Jonathan Glancey There is noise and noise. Architecture was once a haven, but...

Noise is the subject of an exhibition "at the cutting edge of research" opening later this month at London's Science Museum. Not before time. Noise pollution is one of the menaces of our day. It assaults us from morning till night, and often into the small hours. The incidence and volume of noise has increased out of all proportion over the past decade. A country ramble hardly merits the name unless accompanied by a chorus of trail bikes and chain saws. City centres can be almost deafening.
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Isis in Syria: A general reveals the lack of communication with the US - and his country's awkward relationship with their allies-by-default

A Syrian general speaks

A senior officer of Bashar al-Assad’s regime talks to Robert Fisk about his army’s brutal struggle with Isis, in a dirty war whose challenges include widespread atrocities
‘A bit of a shock...’ Cambridge economist with Glasgow roots becomes Zambia’s acting President

‘A bit of a shock...’ Economist with Glasgow roots becomes Zambia’s acting President

Guy Scott's predecessor, Michael Sata, died in a London hospital this week after a lengthy illness
Fall of the Berlin Wall: History catches up with Erich Honecker - the East German leader who praised the Iron Curtain and claimed it prevented a Third World War

Fall of the Berlin Wall

History catches up with Erich Honecker - the East German leader who praised the Iron Curtain and claimed it prevented a Third World War
How to turn your mobile phone into easy money

Turn your mobile phone into easy money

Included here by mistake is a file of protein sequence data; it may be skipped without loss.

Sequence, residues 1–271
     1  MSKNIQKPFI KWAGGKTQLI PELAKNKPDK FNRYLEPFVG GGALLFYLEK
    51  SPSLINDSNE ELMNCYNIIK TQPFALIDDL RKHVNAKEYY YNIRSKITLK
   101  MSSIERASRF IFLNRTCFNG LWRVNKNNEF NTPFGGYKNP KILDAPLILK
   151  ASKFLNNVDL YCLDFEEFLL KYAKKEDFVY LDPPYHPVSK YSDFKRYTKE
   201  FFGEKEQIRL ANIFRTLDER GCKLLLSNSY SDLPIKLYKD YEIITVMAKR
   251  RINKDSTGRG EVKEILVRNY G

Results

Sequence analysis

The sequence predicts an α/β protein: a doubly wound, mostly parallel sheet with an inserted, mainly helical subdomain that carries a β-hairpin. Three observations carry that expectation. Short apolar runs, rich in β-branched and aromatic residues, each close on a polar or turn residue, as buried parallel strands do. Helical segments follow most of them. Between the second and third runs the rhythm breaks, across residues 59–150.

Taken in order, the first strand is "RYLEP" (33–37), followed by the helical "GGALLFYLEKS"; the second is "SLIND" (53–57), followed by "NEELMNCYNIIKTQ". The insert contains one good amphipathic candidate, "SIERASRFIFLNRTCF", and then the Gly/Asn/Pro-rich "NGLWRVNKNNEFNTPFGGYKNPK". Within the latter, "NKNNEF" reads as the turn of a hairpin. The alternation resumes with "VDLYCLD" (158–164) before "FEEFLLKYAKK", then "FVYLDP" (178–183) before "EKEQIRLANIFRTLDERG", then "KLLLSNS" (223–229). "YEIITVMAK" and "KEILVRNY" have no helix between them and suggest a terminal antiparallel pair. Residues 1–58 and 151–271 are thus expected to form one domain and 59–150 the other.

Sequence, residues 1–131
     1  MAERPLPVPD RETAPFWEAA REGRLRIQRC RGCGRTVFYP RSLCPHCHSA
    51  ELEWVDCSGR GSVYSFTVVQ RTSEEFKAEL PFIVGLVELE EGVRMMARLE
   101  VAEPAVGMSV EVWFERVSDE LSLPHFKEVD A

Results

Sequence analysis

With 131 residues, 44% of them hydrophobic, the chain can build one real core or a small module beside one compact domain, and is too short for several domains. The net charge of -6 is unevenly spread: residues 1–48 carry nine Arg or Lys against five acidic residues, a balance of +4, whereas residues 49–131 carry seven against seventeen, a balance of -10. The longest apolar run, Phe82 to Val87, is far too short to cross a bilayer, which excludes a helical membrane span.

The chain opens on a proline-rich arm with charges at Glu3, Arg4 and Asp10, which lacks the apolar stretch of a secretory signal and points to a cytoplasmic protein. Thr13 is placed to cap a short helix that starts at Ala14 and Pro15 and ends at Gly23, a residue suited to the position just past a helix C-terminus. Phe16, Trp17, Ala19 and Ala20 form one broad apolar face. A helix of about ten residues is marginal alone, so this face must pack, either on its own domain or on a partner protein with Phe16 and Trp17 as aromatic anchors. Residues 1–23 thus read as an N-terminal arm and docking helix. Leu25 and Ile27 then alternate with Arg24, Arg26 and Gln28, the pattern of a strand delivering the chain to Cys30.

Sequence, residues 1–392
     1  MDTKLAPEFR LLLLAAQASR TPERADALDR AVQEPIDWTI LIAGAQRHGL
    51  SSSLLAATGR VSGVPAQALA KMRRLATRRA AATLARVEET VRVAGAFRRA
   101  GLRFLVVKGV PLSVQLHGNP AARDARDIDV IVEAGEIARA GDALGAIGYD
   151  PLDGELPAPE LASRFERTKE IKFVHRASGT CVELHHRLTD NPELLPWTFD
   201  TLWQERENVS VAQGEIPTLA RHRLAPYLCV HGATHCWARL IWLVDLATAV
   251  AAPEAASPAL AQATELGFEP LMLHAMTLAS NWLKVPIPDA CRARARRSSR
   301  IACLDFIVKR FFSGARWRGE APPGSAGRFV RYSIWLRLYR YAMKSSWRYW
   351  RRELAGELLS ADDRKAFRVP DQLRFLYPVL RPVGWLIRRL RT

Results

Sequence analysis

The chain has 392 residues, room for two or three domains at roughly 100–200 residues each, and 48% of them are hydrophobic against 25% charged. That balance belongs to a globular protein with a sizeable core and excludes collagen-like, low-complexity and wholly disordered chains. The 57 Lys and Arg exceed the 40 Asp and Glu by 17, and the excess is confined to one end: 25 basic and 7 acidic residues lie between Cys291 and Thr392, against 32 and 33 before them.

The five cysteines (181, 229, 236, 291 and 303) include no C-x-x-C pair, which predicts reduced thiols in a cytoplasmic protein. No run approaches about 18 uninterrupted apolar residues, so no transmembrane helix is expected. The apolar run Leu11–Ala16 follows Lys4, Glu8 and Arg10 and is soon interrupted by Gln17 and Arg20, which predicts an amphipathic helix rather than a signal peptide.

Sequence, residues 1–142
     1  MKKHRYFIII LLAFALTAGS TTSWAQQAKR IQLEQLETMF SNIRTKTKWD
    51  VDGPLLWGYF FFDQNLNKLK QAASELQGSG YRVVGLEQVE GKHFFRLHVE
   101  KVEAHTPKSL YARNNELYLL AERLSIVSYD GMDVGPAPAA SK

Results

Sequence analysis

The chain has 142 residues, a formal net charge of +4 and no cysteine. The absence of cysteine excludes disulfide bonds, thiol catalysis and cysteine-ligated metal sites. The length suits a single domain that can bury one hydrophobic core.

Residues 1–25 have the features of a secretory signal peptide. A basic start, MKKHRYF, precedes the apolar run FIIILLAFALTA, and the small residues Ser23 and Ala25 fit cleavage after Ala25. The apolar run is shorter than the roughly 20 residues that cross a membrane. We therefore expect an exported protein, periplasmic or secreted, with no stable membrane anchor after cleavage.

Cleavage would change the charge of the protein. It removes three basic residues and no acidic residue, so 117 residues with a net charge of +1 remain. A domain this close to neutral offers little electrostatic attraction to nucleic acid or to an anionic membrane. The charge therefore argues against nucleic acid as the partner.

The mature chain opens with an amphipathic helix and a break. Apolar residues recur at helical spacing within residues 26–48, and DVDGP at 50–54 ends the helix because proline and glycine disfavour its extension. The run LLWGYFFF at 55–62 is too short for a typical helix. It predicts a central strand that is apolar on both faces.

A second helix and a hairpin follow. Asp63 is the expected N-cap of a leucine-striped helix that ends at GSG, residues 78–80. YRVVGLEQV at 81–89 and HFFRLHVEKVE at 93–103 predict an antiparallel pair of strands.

There are 90 million unused mobiles in the UK, which would be worth £7bn if we cashed them in, says David Crookes
Independent writers remember their Saturday jobs:

Independent writers remember their Saturday jobs

"I have never regarded anything I have done in "the media" as a proper job"
Lyricist Richard Thomas shares his 11-step recipe for creating a hit West End musical

11-step recipe for creating a West End hit

Richard Thomas, the lyricist behind the Jerry Springer and Anna Nicole Smith operas, explains how Bob Dylan, 'Breaking Bad' and even Noam Chomsky inspired his songbook for the new musical 'Made in Dagenham'
Tonke Dragt's The Letter for the King has finally been translated into English ... 50 years on

Buried treasure: The Letter for the King

The coming-of-age tale about a boy and his mission to save a mythical kingdom has sold a million copies since it was written by an eccentric Dutchwoman in 1962. Yet until last year, no one had read it in English
Can instilling a sense of entrepreneurship in pupils have a positive effect on their learning?

The school that means business

Richard Garner heads to Lancashire, where developing the 'dragons' of the future is also helping one community academy to achieve its educational goals
10 best tablets

The world in your pocket: 10 best tablets

They’re thin, they’re light, you can use them for work on the move or keeping entertained
Lutz Pfannenstiel: The goalkeeper who gave up Bayern Munich for the Crazy Gang, Bradford and a whirlwind trawl across continents

Lutz Pfannenstiel interview

The goalkeeper who gave up Bayern Munich for the Crazy Gang, Bradford and a whirlwind trawl across continents
Pete Jenson: Popular Jürgen Klopp can reignite Borussia Dortmund’s season with visit to Bayern Munich

Pete Jenson's a Different League

Popular Klopp can reignite Dortmund’s season with visit to Bayern
John Cantlie video proves that Isis expects victory in Kobani

Cantlie video proves that Isis expects victory in Kobani

The use of the British hostage demonstrates once again the militants' skill and originality in conducting a propaganda war, says Patrick Cockburn
The killer instinct: The man who helps students spot potential murderers

The killer instinct

Phil Chalmers travels the US warning students how to spot possible future murderers, but can his contentious methods really stop the bloodshed?
Clothing the gap: A new exhibition celebrates women who stood apart from the fashion herd

Clothing the gap

A new exhibition celebrates women who stood apart from the fashion herd
Fall of the Berlin Wall: Goodbye to all that - the lost world beyond the Iron Curtain

The Fall of the Berlin Wall

Goodbye to all that - the lost world beyond the Iron Curtain